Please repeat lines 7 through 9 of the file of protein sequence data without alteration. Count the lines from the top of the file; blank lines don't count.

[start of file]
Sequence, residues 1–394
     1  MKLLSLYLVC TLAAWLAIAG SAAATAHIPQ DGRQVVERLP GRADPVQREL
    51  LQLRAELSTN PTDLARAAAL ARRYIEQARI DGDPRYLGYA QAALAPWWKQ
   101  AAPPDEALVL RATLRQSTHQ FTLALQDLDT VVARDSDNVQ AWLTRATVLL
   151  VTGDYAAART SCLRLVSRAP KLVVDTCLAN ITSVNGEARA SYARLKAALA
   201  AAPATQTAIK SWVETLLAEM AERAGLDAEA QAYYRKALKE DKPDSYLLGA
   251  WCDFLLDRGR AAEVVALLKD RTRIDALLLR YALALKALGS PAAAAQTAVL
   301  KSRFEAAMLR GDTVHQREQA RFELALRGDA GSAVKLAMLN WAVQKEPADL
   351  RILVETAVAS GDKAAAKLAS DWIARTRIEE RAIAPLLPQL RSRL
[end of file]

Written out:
   251  WCDFLLDRGR AAEVVALLKD RTRIDALLLR YALALKALGS PAAAAQTAVL
   301  KSRFEAAMLR GDTVHQREQA RFELALRGDA GSAVKLAMLN WAVQKEPADL
   351  RILVETAVAS GDKAAAKLAS DWIARTRIEE RAIAPLLPQL RSRL